I've been thinking it's about time I talk about another Article of Faith, so let's do that. Article of Faith number four:
"We believe that the first principles and ordinances of the Gospel are: first, Faith in the Lord Jesus Christ; second, Repentance; third, Baptism by immersion for the remission of sins; fourth, Laying on of hands for the gift of the Holy Ghost."
I'm not sure what all to say on this, because I might have a lot to say or I might not have much to say at all.
First, I wanted to talk about how the first principle is faith in the Lord Jesus Christ. One time on Twitter, we saw somebody say that one of the reasons she was an atheist was that she just couldn't accept a God who demands that everybody worship Him. I didn't say anything to her, because I'm very timid in public, but my first thought was that we are God's children, and what's wrong with a child honoring her parents?
In fact, the Ten Commandments are divided up into two different categories--the first four are about loving God, and the second are about loving our neighbors, because the two great commandments are first love God and second love your neighbors. The very first of the "love your neighbor" commandments is "Honor thy father and thy mother." So I think it's all a very similar thing. Your parents, if they're good parents, care about you, want what's best for you, and, because they've been around for so much longer, they probably have some idea how to get what's best for you. They make rules for you to follow when you're growing up, and the first of those rules is to obey them, because they know what's best, and maybe something will come up that isn't already covered in the list of rules. That's why we honor our parents, and that's why we honor the Lord.
Another important thing to remember as far as faith in Jesus Christ is concerned is that we need to have faith in the Atonement, because the Atonement is The Way to salvation and eternal life. If we don't believe it works, we won't apply it, and so of course it won't work. It's like if you don't believe the switch will turn on the lights, you won't flip the switch and the lights won't come on.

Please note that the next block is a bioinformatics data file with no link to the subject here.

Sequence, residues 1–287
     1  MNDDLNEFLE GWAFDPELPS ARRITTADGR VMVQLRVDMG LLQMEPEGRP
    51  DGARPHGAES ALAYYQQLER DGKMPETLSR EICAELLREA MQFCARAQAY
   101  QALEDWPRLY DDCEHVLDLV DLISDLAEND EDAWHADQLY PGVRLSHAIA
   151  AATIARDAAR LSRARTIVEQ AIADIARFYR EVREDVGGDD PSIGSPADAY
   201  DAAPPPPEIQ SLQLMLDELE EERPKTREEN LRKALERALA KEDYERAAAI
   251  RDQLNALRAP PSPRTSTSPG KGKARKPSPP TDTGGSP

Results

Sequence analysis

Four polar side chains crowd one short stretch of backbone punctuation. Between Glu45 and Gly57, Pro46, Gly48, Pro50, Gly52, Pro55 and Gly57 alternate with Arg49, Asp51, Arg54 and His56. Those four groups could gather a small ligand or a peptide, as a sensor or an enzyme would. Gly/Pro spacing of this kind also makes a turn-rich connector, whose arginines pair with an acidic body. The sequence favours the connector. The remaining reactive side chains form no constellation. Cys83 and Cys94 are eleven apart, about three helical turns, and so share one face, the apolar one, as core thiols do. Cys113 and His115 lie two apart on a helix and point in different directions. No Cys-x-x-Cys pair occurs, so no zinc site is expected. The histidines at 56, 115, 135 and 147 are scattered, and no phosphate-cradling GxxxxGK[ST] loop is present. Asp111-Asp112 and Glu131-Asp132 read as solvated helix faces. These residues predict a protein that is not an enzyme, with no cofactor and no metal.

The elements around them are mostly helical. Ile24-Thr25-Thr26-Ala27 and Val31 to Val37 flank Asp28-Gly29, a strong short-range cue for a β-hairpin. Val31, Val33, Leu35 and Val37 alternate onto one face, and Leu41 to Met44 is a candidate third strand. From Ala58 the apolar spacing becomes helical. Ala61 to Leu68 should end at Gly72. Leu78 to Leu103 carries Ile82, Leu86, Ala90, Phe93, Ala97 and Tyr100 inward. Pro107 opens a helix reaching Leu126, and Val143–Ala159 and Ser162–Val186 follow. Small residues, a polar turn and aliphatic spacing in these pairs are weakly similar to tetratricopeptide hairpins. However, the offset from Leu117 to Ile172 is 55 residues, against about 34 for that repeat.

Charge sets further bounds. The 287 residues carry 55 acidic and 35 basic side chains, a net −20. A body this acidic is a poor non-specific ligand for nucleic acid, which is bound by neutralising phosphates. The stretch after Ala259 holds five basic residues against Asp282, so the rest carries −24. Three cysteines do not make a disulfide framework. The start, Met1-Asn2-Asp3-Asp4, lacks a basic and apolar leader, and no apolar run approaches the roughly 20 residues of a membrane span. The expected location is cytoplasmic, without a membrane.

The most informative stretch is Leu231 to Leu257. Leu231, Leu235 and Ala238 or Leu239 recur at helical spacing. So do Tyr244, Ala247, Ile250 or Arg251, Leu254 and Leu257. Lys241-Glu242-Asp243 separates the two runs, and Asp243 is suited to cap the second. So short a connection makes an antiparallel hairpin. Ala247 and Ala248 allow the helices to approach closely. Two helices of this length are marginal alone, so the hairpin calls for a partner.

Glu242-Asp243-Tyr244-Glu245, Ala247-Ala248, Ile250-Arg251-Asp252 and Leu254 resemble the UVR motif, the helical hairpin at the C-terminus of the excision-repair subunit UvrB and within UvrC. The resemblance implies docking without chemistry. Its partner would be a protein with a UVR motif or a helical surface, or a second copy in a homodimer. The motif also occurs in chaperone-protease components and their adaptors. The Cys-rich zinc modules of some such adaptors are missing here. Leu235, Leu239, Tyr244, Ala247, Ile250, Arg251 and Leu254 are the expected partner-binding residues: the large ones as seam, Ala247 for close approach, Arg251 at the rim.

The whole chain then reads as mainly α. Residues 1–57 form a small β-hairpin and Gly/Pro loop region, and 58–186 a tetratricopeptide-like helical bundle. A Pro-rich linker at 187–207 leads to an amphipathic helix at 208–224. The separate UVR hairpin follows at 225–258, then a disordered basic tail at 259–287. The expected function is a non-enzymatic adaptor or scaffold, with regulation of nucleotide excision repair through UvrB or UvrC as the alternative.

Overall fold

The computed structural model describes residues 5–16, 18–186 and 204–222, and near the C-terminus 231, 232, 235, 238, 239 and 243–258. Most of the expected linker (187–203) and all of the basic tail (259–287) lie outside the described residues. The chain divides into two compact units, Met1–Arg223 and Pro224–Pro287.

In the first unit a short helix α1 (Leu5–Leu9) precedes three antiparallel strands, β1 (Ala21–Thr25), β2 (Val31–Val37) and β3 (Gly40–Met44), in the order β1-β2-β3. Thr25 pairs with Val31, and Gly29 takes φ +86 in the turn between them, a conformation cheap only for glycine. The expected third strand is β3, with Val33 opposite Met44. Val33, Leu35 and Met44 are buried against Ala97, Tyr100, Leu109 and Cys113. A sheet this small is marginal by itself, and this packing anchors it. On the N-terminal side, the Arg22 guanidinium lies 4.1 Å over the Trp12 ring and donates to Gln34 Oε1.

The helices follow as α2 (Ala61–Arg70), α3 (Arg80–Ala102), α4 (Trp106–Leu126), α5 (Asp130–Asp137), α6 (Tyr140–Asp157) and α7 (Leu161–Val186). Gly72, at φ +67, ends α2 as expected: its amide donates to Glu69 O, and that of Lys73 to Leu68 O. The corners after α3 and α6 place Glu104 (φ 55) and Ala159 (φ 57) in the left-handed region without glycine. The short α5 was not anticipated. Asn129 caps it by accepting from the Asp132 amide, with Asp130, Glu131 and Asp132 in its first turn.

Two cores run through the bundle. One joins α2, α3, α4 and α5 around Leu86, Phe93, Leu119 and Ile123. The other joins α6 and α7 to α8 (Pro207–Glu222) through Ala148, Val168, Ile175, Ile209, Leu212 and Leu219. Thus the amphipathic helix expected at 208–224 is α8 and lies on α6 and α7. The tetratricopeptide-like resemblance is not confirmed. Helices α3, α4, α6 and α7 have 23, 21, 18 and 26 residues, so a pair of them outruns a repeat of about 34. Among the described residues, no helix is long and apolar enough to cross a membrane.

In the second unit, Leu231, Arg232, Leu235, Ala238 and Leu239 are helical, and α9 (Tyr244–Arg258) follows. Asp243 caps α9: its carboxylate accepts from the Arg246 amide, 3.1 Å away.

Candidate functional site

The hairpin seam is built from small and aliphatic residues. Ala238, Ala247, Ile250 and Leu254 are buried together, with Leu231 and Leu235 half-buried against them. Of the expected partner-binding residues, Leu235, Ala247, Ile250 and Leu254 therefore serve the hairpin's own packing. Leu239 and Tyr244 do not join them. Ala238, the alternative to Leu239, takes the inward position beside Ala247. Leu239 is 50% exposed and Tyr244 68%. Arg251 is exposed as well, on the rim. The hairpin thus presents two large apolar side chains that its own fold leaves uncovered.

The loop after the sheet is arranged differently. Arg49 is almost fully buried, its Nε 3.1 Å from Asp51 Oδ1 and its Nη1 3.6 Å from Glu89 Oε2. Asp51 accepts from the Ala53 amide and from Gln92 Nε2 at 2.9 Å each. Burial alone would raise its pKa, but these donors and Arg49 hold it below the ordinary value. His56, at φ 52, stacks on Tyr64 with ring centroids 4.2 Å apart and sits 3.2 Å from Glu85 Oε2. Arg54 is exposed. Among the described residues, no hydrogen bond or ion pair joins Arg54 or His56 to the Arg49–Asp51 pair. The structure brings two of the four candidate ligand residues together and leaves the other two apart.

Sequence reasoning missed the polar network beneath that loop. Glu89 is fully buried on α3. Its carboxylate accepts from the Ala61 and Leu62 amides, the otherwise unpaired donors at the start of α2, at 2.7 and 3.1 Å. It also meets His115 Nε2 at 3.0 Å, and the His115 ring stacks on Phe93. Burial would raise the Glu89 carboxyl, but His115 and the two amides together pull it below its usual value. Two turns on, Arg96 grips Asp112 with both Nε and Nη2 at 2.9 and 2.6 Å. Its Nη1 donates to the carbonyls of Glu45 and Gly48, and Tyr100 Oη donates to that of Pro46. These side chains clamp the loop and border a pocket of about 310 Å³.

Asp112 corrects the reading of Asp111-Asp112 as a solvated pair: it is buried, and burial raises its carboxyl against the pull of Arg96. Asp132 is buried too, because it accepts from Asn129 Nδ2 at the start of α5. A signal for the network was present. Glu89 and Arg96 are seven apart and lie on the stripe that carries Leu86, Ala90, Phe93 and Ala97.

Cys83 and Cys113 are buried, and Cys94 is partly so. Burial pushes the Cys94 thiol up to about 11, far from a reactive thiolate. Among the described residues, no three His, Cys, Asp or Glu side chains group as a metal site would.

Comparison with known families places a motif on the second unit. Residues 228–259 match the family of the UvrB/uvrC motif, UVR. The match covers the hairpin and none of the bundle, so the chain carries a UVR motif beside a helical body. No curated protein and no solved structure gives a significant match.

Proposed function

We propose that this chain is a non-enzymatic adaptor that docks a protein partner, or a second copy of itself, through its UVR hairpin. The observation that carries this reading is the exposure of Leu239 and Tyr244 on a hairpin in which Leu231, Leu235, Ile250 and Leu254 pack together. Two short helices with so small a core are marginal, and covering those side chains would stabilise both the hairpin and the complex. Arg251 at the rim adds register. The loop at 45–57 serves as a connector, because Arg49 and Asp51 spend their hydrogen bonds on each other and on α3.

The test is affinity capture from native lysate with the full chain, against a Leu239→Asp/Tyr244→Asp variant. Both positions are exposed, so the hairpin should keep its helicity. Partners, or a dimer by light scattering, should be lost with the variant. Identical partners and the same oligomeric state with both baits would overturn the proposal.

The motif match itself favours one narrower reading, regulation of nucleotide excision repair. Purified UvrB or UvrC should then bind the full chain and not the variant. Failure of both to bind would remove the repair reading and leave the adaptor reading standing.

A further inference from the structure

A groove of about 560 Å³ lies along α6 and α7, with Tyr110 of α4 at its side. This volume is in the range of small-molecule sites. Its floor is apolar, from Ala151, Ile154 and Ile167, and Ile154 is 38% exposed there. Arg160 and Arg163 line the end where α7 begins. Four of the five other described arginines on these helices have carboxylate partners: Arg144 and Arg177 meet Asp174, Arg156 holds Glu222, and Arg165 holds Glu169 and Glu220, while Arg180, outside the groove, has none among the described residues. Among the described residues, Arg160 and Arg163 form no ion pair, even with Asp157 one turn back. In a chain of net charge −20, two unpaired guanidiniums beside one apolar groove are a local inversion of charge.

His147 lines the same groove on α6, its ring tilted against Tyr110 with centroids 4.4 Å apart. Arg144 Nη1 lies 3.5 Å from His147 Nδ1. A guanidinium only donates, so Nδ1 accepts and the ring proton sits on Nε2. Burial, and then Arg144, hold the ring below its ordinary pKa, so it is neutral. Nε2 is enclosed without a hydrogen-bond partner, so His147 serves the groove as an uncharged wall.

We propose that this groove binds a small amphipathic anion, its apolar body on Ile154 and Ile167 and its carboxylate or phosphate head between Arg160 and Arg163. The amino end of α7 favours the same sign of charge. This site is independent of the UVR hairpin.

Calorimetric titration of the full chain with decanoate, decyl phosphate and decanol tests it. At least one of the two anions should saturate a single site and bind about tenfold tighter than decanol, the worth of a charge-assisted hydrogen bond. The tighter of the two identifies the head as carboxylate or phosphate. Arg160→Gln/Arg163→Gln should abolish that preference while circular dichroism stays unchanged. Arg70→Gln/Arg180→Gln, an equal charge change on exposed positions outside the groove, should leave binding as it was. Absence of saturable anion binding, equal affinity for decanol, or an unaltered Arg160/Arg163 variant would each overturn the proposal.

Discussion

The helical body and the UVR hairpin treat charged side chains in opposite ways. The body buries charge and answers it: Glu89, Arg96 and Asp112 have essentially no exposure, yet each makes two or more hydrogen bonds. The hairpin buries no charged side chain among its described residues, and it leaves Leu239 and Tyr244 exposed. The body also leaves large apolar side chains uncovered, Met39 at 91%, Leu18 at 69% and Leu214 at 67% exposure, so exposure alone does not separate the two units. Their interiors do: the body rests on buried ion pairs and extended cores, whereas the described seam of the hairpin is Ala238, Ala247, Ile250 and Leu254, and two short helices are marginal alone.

Next we need to repent, because if we're not willing to actively try to be better people, we'll never be better. It's like how if I don't actually put forth the effort to learn Japanese, there's no way I can wake up one morning and speak it fluently.
Third is baptism, and this is where my thoughts get a little fuzzier. Baptism has been described (at least, I think the person who said it might have been describing baptism) as an outward expression of an inward commitment. When you're baptized, you make a covenant with the Lord that you will "bear one another's burdens, mourn with those that mourn, comfort those that stand in need of comfort, and stand as a witness of God at all times, and in all things, and in all places." In exchange, your sins are washed away (this covenant is renewed by partaking of the sacrament each week, because nobody can stay sin-free they're whole life). But it has to be done in the Lord's way, and with the proper authority, or you might as well just be dunked in a pool and it will have the same meaning.
Fourth, the gift of the Holy Ghost. The best way we can think to describe it is like your conscience, but powered up. I admit, this is a subject I don't think about very often. You get the Holy Ghost to be with you, to guide you and comfort you, nudge you in the right direction to make good decisions and stuff. And like with all gifts, you have to actually use it for it to work.
And if that doesn't make any sense (which it probably doesn't), there's a much nicer explanation of the Holy Ghost here. It says some really beautiful things, so I definitely recommend checking it out.
Today I'm thankful for the wonderful lessons we had in church today, the gift of the Holy Ghost, Page being super adorable with her neck all squished against the wall (apparently she likes it that way, because she does it a lot), handy online resources, and being just about done at the computer for now.